To directly test a possible involvement of MA into the resistance, we monitored the development of D. suzukii eggs on a substrate containing MA. We transferred freshly laid D. suzukii eggs onto an agar-based medium, in the wells of a 12-well cell culture plate (8 eggs/well), containing different amounts of MA. To measure embryo survival, we counted the number of hatched embryos in each well every day. Under suitable conditions, we expect the vast majority of wild-type D. suzukii eggs to have hatched after 48 hours. Our data confirmed this, with a 90% hatching rate in wells devoid of MA (Fig 2A). The effect of MA was significant at a concentration of 2.10−4 (v/v), where 50% of the embryos failed to hatch after 72 hours. The toxic effect reached saturation at a concentration of 5.10−4. Indeed, those embryos that survived had all hatched after 48 h, similar to control groups, with no additional embryos hatching after 72 h. We concluded that the reduced number of hatched embryos at 48 hours did not result from delayed embryonic development and that MA is toxic to D. suzukii eggs.
The box plots indicate the median number of embryos per well that have hatched on agar plates with various concentrations of MA (A) or isoamyl acetate (B) after 48 h. An MA concentration of 2.10−4 (v/v) or higher significantly reduces embryo survival as compared to the control group. No effect was observed when adding isoamyl acetate to the medium. (Box plots with median and 10–90 percentiles, n = 36 for MA, n = 24 for IA, stars indicate significant differences when compared to the control group; *** P-value<0.005, **** P-Value<0.0005 ns: non-significant, see methods for statistics).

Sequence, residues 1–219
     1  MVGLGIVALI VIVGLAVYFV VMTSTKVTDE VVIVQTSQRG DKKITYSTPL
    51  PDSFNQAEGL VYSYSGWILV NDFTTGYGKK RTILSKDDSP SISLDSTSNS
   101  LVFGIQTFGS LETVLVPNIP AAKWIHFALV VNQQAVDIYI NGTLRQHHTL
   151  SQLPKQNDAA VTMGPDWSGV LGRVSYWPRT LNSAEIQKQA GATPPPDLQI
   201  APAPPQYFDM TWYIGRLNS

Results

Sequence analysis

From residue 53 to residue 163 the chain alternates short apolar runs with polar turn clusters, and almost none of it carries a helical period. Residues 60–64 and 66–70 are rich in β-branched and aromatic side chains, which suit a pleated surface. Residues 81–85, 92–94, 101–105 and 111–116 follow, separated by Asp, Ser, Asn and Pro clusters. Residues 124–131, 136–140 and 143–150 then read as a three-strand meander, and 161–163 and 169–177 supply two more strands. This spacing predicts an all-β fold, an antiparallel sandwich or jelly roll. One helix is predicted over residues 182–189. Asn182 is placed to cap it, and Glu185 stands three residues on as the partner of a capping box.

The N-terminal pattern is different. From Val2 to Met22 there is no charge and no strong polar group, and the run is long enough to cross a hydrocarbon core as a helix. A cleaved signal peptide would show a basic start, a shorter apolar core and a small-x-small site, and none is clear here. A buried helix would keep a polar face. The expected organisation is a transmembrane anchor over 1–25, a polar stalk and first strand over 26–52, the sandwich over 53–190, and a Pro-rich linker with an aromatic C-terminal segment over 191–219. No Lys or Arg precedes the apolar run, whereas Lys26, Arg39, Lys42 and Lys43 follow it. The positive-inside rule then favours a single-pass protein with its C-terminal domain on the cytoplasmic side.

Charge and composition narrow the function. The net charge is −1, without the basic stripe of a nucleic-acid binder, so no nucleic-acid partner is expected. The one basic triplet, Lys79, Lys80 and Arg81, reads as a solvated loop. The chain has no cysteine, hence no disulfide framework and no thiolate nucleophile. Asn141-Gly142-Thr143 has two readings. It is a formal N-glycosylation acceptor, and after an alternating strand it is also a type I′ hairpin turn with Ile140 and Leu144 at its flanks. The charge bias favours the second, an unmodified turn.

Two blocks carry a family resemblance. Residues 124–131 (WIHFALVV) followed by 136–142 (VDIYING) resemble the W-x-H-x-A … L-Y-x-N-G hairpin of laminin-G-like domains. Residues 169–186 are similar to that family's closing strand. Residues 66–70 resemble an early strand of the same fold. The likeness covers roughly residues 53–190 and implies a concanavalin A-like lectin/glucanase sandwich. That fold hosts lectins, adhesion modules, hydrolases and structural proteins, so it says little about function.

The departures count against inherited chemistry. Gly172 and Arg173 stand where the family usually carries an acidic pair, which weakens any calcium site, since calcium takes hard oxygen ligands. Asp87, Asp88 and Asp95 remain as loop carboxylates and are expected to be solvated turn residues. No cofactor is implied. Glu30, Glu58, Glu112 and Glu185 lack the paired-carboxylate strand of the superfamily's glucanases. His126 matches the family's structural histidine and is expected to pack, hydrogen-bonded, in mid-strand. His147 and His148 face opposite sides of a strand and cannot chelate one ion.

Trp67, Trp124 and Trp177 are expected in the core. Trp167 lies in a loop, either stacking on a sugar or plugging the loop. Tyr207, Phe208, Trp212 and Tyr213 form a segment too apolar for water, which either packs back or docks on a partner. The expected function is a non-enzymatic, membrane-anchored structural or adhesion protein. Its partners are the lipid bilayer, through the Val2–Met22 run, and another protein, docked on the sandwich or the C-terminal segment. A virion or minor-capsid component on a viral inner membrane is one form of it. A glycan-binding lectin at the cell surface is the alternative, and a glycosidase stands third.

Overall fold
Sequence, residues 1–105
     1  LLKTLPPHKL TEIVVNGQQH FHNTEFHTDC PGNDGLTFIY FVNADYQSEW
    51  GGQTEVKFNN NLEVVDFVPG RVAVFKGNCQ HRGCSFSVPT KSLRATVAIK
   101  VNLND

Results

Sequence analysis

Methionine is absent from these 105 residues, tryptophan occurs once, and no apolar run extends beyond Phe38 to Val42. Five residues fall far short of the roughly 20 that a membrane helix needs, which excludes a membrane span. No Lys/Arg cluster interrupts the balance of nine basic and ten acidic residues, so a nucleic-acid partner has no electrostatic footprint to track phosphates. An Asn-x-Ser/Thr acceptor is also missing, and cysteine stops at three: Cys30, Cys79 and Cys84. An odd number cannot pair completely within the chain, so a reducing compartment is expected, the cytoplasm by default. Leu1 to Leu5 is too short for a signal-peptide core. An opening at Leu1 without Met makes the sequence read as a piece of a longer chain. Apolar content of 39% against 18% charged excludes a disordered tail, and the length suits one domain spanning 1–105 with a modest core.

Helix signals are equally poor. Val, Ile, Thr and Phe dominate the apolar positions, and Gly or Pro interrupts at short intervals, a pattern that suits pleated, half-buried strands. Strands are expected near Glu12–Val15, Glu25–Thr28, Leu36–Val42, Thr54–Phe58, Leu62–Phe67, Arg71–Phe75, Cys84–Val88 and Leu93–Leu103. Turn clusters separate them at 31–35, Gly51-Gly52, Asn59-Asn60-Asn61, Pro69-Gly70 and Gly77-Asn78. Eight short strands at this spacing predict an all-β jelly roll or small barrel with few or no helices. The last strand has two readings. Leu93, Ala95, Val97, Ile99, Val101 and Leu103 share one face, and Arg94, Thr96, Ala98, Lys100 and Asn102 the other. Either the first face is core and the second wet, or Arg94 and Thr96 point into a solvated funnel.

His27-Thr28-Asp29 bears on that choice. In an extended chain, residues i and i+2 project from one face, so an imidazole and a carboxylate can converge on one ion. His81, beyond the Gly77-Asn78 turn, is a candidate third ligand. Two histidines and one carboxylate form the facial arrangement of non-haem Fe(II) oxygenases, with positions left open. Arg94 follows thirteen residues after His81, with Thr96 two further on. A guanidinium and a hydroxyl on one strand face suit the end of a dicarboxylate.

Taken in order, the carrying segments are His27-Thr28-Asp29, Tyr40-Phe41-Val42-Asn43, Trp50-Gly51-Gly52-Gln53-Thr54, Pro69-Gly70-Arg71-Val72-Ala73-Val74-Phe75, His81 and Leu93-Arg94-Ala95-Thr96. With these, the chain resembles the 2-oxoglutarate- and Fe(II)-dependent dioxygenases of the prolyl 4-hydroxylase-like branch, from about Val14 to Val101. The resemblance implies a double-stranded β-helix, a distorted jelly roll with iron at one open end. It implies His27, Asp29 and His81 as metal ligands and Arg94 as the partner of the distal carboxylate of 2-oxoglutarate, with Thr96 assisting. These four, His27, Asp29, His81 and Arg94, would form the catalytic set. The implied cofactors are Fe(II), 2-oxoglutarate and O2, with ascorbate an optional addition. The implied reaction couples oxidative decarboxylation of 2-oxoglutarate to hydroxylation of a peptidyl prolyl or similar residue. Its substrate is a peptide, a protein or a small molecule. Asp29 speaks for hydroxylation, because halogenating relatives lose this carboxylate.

Given the fragility of embryonic development, the observed lethality may simply result from the high concentration of an organic compound in the environment. To probe the specificity of MA, we repeated the assay with another secondary compound. We chose the ester isoamyl acetate, a signature odor of banana , also found in a variety of different fruits, including strawberries . Increasing concentrations of isoamyl acetate, however, had no effect on the embryo hatching rate (Fig 2B). Up to concentrations as high as 10−3 percent isoamyl acetate, we observed no difference in hatching. We concluded that the mere presence of an organic compound, even highly concentrated, was not necessarily toxic to embryos, and inferred that the effect of MA is therefore specific.
Narrowing down the active principle of strawberry resistance